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3D printed music instruments

Rocking out on a green axe

16 May 2022

People have been making music on guitars since the early Middle Ages, and they are still among the most popular instruments today. In Germany, for example, 16 percent of all guitarists strum their strings more or less regularly. For years, however, luthiers had to contend with declining sales – until the COVID-19 pandemic gave the industry a real boost. The U.S. manufacturer Fender, for example, registered a 92-percent increase in sales of instruments under 500 dollar in 2020.

Picture: Olaf Diegel
Picture: Olaf Diegel

3D printing has also given the guitar industry new momentum, though less in an economic direction and more in an artistic and creative one. Olaf Diegel and his company, ODD Guitars, have been producing and selling 3D printed guitars for over 10 years. Diegel, who also teaches product development as a professor at the University of Auckland (New Zealand), has designed more than a dozen different models and built a total of 92 guitars, and five more are in the planning stage. The prices range from 3,500 to 4,000 dollar.

In particular, Diegel is making use of the design possibilities afforded by 3D printing. “In the case of guitars, the only real advantage of 3D printing over traditional production is the incredible aesthetics you can achieve that would just not be possible with traditional manufacturing,” Diegel told FON magazine. “That’s why my guitars are all designed to be incredibly complex inside the guitar body. If I was making a conventional guitar in the style of a Fender Stratocaster or a Gibson Les Paul, 3D printing would probably be the worst choice of method.” After all, he says, CNC machining or hand-routing with a template is infinitely more cost-effective for simple geometries. “But, if you’re trying to make a guitar with the skyline of New York City – with 3D buildings, cars, bridges, and so on – it’s impossible with traditional tools; 3D printing is the way to go.”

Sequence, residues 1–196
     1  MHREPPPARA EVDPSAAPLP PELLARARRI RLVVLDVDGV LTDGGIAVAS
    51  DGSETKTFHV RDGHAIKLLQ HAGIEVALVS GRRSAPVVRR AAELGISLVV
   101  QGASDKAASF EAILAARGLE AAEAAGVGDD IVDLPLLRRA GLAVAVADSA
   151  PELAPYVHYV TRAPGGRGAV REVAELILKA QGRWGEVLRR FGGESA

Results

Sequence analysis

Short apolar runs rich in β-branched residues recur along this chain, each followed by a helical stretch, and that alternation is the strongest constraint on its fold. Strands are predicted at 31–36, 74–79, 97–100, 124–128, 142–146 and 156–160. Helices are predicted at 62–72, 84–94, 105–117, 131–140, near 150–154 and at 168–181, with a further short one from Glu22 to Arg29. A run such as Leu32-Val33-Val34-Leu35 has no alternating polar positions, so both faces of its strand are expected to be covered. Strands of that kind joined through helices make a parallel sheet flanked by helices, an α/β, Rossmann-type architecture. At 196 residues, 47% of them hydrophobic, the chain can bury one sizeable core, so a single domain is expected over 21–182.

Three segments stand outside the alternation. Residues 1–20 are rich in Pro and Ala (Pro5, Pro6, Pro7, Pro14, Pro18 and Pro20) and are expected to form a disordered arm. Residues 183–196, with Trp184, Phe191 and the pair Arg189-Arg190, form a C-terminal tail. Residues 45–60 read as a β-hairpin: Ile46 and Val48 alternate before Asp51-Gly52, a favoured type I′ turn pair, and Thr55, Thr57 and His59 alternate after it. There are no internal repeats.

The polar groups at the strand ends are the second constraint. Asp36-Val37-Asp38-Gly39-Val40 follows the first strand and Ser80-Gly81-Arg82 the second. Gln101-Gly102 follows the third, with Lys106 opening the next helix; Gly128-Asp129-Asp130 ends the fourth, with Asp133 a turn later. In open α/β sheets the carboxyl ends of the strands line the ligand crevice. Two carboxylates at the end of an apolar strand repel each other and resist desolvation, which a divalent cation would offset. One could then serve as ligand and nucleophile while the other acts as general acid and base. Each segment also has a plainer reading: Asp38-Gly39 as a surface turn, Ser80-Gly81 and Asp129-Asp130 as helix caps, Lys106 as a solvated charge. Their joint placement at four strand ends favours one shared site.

Diegel's creativity is evident in the wide variety of his different creations. They range from the flame design of “American Graffiti” to the stars and stripes of “Americana” and the barbed wire and roses of the “Heavy Metal” model. For his “Beatlemania” bass guitar, Diegel – who primarily plays bass himself and studied jazz for a few years in his youth – drew inspiration from his favorite English band. “This bass guitar plays great and is borderline kitsch, so I just love it,” he admits. In addition, he has a fondness for rockabilly and the rock ‘n’ roll of the '50s and '60s.

3D printing services and hand-painted finishes

ODD’s guitar bodies are printed from nylon using the SLS (polymer powder bed fusion) process. Diegel’s workshop is very well-equipped with 3D printers, but the build spaces of its machines are not sufficient for the size of the guitars. Diegel thus uses 3D printing services from i.materialise or Shapeways, or from Xylloc in Belgium (for aluminum guitars). He takes care of the finishing, assembly, and simple paint jobs himself. For more complicated color work, he works with his airbrush artist friend Ron van Dam. Hand-painted finishes are done by Diegel's wife, Akiko, who is also an artist.

Diegel uses top-quality pickups and hardware that promise the same tonal quality as other high-end electric guitars. However, there is "a kind of religious argument among guitar enthusiasts about the merit of tone woods versus other materials," as he puts it, and this argument cannot be won.

At the same time, Diegel has also added new materials to his production portfolio. For his latest “Green Axe” model, he used a fairly new additive manufacturing technology that processes wood-based materials. For this, the binder jetting process from Forust was used (see our previous report). The procedure designed by this young U.S. company, which was acquired by Desktop Metal last year, uses wood sawdust and bio-epoxy resin.


Additive Manufacturing for polymer - powder bed fusion

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